Kyoto Garden – best for a taste of the Orient
Enfolded in the leafy embrace of Holland Park, the Kyoto Garden is a traditional ‘stroll’ garden, designed to evoke the characteristic features of the Japanese landscape – from rocky shoreline to pine forest. Its apparently naturalistic arrangement of water, bridges, trees and lawns is in fact a carefully choreographed composition, created by the Kyoto Garden Association. Clashing rhododendrons and azaleas light up the garden in the spring while fiery acers turn up the heat in the autumn. Specialist gardeners from Japan fly over every so often to wield their pruning tools and keep this tranquil garden looking tip-top.
The Hill Garden and Pergola – best for barefoot garden appreciation
This Hampstead haven has been open to the public since 1963 but still has the feel of a secret garden – it’s certainly a bit of a shock to come across the 800ft-long pergola for the first time. Built by soap magnate Lord Leverhulme, the pergola looms imperiously over Hampstead’s West Heath and its classical stone columns are entwined with a romantic assortment of wisteria, clematis, roses, hops and vines. The beautifully tended Hill Garden still feels like a private enclave and its no-dog policy makes its manicured lawns a treat for unshod feet.
Royal Botanic Gardens, Kew – best for a day out
Big can indeed be beautiful. Kew’s 300 acres are a delight whatever the season – in spring, there are more than five million bulbs to savour, in summer, the recently replanted Rose Garden, while in the autumn the glowing colours of Kew’s 14,000 trees can be admired from the Rhizotron and Xstrata Treetop Walkway. In December and January the scented flowers of the Winter Garden and the scarlet berries of the Holly Walk provide seasonal cheer. If it’s raining, Kew’s iconic glasshouses offer year-round warmth and tropical vegetation or check out Kew’s Museum No.1, or the Marianne North Gallery, which displays the work of the globe-trotting Victorian botanical painter.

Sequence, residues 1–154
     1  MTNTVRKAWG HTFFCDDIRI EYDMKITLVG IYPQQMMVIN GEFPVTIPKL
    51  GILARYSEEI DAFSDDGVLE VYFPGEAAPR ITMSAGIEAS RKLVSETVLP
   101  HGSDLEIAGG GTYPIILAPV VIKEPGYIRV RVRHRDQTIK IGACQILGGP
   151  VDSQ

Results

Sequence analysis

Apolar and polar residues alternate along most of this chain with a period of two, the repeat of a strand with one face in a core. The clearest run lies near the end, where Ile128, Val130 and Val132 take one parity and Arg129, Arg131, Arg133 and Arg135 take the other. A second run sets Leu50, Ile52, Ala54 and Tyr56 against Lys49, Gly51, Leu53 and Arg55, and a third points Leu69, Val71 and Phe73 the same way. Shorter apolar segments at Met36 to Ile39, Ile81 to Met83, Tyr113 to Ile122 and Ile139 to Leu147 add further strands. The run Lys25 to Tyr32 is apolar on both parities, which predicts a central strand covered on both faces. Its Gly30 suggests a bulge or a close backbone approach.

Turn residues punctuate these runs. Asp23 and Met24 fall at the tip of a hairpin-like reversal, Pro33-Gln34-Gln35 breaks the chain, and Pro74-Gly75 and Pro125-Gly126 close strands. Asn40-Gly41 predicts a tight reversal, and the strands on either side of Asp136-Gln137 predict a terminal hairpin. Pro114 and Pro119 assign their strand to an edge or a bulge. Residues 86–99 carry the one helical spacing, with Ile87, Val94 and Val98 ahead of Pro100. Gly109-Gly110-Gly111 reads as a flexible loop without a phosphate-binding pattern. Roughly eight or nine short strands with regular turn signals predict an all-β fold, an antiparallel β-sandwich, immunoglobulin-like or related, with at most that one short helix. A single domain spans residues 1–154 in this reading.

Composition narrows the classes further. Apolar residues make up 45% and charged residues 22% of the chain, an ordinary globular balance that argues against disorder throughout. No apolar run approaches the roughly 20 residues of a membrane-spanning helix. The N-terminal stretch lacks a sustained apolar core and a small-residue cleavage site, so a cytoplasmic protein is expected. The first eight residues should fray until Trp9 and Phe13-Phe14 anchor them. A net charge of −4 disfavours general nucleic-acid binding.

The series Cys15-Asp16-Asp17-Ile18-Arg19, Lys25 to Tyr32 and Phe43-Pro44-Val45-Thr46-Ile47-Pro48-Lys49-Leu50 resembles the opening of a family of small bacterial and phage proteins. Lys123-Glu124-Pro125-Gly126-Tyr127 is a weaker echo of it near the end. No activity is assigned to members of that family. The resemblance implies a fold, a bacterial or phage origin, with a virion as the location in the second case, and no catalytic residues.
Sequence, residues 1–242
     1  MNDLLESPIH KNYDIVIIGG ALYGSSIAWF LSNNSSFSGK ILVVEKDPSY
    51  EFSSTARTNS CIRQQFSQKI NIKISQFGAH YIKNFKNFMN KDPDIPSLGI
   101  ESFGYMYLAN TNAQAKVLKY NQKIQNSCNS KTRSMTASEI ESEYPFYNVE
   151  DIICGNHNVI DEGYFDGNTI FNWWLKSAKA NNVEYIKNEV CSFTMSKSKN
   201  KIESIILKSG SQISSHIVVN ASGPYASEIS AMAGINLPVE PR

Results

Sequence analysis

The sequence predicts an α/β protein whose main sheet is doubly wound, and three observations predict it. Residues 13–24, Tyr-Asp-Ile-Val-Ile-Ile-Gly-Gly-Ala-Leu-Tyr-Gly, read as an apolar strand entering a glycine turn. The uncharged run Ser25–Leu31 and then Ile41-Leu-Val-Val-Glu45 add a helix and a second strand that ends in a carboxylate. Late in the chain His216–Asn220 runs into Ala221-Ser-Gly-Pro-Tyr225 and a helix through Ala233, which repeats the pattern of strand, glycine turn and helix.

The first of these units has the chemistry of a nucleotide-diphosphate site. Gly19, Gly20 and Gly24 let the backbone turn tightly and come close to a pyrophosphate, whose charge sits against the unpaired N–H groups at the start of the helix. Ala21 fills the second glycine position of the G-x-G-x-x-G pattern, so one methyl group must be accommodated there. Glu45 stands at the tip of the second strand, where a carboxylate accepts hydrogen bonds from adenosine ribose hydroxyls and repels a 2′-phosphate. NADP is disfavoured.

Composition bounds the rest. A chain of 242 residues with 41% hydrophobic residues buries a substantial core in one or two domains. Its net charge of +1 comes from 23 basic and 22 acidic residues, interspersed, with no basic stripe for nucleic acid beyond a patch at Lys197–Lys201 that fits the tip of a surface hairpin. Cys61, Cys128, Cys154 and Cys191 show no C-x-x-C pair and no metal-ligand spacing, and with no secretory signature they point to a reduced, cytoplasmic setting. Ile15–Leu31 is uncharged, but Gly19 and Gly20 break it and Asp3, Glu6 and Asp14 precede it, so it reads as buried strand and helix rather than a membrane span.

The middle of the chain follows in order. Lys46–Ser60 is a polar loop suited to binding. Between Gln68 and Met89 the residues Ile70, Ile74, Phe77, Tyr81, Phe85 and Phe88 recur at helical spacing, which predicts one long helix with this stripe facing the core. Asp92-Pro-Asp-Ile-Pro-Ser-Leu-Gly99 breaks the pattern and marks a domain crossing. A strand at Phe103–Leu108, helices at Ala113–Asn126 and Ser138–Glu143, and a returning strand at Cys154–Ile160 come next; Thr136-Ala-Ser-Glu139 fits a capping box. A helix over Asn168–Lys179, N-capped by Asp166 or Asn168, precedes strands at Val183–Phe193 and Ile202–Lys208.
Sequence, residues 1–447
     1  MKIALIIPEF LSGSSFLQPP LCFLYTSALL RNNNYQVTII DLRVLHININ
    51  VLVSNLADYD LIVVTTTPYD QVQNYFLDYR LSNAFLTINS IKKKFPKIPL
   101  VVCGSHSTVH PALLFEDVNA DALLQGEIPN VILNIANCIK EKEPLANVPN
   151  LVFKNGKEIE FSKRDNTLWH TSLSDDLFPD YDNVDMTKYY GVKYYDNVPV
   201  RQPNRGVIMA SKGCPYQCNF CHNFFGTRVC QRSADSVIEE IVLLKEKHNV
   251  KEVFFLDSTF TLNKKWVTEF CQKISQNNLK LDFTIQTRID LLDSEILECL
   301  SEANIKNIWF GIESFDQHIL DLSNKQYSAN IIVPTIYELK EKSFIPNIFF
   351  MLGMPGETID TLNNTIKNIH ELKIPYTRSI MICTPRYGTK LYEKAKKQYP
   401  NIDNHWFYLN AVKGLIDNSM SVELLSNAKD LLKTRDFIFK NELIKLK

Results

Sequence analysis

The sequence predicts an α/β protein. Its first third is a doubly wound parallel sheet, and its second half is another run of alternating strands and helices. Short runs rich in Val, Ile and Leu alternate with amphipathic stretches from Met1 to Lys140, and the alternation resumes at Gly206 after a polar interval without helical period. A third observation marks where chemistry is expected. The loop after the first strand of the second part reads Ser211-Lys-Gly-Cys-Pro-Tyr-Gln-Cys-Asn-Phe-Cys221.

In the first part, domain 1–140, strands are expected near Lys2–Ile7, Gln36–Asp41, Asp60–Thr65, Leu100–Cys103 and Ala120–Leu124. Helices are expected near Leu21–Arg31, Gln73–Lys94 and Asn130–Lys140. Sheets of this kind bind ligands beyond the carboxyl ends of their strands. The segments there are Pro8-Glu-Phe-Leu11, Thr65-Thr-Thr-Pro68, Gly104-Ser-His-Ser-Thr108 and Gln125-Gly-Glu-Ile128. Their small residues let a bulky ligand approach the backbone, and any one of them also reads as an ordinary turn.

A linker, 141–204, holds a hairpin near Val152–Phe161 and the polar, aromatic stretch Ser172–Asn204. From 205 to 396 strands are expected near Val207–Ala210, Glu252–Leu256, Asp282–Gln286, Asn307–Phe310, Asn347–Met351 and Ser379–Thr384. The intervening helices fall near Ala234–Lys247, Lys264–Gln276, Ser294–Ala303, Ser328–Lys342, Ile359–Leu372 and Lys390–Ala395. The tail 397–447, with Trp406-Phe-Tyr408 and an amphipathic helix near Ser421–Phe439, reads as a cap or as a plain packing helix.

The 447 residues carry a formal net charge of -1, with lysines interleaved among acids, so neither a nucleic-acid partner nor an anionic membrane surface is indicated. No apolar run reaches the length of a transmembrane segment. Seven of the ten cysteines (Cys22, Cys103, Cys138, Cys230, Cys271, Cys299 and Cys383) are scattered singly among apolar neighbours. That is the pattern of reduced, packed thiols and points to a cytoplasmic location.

The Athenaeum hotel – best for vertical va-va-voom
Vertical gardening has taken off quicker than Virginia creeper recently but if you want to see an example of it at its neck-cricking best look no further than 116 Piccadilly. The 10-storey garden that wraps around The Athenaeum hotel was designed by vertical gardening pioneer Patrick Blanc and features more than 260 tropical and temperate species, such as Adiantum capillus-veneris, Fuchsia regia – the so-called ‘climbing fuchsia’ from Brazil and the world’s biggest single collection of Urticaceae (that’s nettles to you and me). View from the street, or even better, from the top deck of a passing bus.
Capel Manor – best for garden inspiration
Like Chelsea Flower Show without the crowds, the grounds of this horticultural college are packed with different ‘show’ gardens (many of them designed by Capel students). Ideas to steal include a burglar-proof garden, a low-allergen garden and, probably most usefully for Londoners, a ‘terraced house back garden’. Students hone their practical skills maintaining the 30-acre gardens – which also include a walled garden, a Japanese garden and the Which? Gardening trial gardens. Inspiring stuff!
© Abigail Willis August 2012, www.abigailwillis.co.uk
The London Garden Book A-Z by Abigail Willis (Metro Publications, RRP £14.99) will be published on 21st September.